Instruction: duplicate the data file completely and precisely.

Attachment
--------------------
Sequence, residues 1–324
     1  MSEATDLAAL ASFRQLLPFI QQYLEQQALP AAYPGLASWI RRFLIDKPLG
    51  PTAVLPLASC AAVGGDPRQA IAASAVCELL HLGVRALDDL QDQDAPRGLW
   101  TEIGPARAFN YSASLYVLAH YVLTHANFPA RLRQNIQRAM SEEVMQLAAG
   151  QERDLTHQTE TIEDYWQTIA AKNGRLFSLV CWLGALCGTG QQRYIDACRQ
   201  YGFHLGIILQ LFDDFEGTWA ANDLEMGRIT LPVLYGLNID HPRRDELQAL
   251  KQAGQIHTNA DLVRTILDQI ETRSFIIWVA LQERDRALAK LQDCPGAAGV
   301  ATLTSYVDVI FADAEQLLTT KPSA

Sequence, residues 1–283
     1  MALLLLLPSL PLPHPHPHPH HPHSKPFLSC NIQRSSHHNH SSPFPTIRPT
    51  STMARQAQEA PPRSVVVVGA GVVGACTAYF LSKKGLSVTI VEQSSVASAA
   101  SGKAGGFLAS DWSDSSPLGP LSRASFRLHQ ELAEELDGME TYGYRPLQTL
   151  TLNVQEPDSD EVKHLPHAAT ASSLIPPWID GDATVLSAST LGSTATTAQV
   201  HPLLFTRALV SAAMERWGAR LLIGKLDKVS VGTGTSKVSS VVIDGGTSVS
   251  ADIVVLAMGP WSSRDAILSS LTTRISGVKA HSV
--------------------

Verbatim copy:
Sequence, residues 1–324
     1  MSEATDLAAL ASFRQLLPFI QQYLEQQALP AAYPGLASWI RRFLIDKPLG
    51  PTAVLPLASC AAVGGDPRQA IAASAVCELL HLGVRALDDL QDQDAPRGLW
   101  TEIGPARAFN YSASLYVLAH YVLTHANFPA RLRQNIQRAM SEEVMQLAAG
   151  QERDLTHQTE TIEDYWQTIA AKNGRLFSLV CWLGALCGTG QQRYIDACRQ
   201  YGFHLGIILQ LFDDFEGTWA ANDLEMGRIT LPVLYGLNID HPRRDELQAL
   251  KQAGQIHTNA DLVRTILDQI ETRSFIIWVA LQERDRALAK LQDCPGAAGV
   301  ATLTSYVDVI FADAEQLLTT KPSA

Sequence, residues 1–283
     1  MALLLLLPSL PLPHPHPHPH HPHSKPFLSC NIQRSSHHNH SSPFPTIRPT
    51  STMARQAQEA PPRSVVVVGA GVVGACTAYF LSKKGLSVTI VEQSSVASAA
   101  SGKAGGFLAS DWSDSSPLGP LSRASFRLHQ ELAEELDGME TYGYRPLQTL
   151  TLNVQEPDSD EVKHLPHAAT ASSLIPPWID GDATVLSAST LGSTATTAQV
   201  HPLLFTRALV SAAMERWGAR LLIGKLDKVS VGTGTSKVSS VVIDGGTSVS
   251  ADIVVLAMGP WSSRDAILSS LTTRISGVKA HSV